What do you think of when you hear the word “personalization”? Do you think of subject lines with your name in it? Or a Facebook ad that targets you based on items you’ve put in your cart but haven’t purchased?
That’s only a small glimpse of what personalization is. Personalization is both much simpler and much more complicated than that: it’s using data to learn what your customer wants and needs. And a personalization is what drives a truly great experience for our customers.
But the biggest challenge for most marketers lies in collecting data. 40% of us struggle to gain insight quickly enough, and 39% of us struggle with not having enough data. How do you organize, analyze, and turn this data into actionable content? Read on to discover 8 ways to use data to create a personalized experience that keeps your customers coming back for more.
On the train, at the office, on the couch watching TV – consumers spend most of their waking hours on mobile. Tailoring and packaging your content to deliver the same compelling desktop experience on a smaller screen can be tricky.
There are two main levers you can pull when it comes to mobile:
SMS is inherently a personalized messaging channel. Consumers are more selective with giving away their phone numbers and receive far less promotional messaging on text than they do on email or social.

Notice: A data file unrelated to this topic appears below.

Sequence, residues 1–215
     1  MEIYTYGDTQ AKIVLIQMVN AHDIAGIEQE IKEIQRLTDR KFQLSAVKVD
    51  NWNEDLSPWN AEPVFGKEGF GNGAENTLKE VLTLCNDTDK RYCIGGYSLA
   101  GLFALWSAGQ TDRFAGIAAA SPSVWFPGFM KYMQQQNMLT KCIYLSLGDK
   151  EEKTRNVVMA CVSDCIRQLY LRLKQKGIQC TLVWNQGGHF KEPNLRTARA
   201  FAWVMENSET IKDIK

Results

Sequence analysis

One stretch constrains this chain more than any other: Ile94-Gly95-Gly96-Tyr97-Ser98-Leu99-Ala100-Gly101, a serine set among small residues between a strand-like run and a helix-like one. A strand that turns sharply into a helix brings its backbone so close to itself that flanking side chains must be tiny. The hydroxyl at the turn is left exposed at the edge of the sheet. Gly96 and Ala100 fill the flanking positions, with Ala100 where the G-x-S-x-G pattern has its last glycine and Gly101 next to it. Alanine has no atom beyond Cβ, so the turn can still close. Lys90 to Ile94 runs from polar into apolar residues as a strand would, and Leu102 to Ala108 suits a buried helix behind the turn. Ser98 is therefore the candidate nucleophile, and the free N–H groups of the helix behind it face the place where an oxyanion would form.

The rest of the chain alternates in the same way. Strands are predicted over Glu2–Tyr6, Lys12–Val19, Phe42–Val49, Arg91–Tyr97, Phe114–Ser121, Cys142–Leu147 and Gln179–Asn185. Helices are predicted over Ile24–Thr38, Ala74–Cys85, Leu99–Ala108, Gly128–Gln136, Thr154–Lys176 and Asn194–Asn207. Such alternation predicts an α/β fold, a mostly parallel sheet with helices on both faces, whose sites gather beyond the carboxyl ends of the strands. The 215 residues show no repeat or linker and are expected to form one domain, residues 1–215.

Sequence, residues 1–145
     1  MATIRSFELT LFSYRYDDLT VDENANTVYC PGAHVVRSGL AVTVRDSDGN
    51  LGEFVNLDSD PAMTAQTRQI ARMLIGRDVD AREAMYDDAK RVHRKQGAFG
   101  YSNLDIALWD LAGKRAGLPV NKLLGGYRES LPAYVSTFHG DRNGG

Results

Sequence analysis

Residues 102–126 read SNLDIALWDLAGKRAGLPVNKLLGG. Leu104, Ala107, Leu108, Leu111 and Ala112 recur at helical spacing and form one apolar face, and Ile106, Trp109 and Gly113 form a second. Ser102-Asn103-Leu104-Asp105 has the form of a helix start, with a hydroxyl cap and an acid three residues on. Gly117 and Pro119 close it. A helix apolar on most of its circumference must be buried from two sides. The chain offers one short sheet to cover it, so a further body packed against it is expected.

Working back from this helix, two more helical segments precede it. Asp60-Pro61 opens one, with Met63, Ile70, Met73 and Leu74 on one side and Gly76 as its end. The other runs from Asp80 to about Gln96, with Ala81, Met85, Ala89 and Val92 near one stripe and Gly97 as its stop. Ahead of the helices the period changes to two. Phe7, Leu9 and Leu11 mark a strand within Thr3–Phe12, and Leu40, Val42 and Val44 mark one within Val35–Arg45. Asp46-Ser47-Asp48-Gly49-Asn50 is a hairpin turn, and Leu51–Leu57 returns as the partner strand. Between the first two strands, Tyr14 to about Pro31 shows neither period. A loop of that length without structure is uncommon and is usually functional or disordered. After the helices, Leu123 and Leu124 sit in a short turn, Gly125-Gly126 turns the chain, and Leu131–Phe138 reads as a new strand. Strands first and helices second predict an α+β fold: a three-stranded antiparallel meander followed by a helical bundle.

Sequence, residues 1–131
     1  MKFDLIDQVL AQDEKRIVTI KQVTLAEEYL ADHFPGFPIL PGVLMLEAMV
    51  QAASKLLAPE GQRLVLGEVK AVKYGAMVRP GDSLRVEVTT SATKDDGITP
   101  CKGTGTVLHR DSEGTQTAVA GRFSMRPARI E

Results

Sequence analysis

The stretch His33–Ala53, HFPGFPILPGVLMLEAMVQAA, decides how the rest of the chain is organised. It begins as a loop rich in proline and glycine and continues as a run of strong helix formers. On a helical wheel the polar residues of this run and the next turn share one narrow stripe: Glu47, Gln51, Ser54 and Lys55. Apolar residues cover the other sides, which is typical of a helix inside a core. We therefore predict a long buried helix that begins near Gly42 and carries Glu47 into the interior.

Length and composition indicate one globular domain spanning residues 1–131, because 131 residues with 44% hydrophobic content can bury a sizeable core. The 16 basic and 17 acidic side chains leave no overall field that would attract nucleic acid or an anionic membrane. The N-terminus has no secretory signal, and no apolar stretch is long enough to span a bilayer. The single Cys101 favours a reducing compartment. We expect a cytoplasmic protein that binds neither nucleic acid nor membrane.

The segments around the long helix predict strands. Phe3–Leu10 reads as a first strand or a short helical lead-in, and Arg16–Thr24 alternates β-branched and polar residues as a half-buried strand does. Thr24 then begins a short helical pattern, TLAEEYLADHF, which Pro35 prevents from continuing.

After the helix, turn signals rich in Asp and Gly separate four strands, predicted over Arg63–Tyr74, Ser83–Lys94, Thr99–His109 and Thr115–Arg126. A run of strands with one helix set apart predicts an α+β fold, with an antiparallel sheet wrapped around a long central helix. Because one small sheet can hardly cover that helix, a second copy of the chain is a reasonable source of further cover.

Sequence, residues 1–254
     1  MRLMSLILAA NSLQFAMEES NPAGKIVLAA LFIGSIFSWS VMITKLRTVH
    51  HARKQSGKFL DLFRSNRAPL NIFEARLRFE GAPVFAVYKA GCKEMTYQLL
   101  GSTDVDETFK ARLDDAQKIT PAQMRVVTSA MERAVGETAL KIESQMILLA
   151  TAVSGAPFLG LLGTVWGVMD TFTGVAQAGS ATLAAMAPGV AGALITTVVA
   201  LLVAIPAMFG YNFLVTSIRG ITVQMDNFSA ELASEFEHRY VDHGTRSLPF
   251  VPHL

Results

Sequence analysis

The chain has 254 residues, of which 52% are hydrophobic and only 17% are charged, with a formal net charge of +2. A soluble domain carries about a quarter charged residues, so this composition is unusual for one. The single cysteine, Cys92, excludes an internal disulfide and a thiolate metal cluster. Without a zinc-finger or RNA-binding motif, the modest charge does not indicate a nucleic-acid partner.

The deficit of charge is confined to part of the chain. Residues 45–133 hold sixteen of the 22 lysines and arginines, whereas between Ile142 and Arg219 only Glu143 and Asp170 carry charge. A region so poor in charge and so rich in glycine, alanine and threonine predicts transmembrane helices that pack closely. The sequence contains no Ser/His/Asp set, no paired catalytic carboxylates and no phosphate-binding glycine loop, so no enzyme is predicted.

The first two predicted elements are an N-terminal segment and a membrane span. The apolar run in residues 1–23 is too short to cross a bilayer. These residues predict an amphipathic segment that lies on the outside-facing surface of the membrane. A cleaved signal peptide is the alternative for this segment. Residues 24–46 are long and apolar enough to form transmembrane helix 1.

But while the average SMS open rate is 99%, lock-in a higher click-to-open rate by personalizing your content with location-targeted promotions, exclusive content, or even product recommendations.
FedEx uses real-time text messaging alerts to notify customers when an action needs to be taken. Since customers are more likely to check their phones (the average American checks their phone 46 times a day), they’re able to respond quickly and prevent the delivery from being delayed.
One of our teammates had a package delivered to her recently that needed a signature before it could be received. She wasn’t at home, but since FedEx sent me a text message, she was able to quickly ask someone else to help her sign off for the package.
Deep Links & Apps
Mobile apps can be a great way to build an accessible on-the-go experience for users who are accessing your content from a smaller screen. However, retention is tough. The average app loses 77% of its users in the first three days.
Bitly Deep Links boost retention by driving users from the mobile browser directly into a page in the app, or if they don’t have the app, to the App Store to download.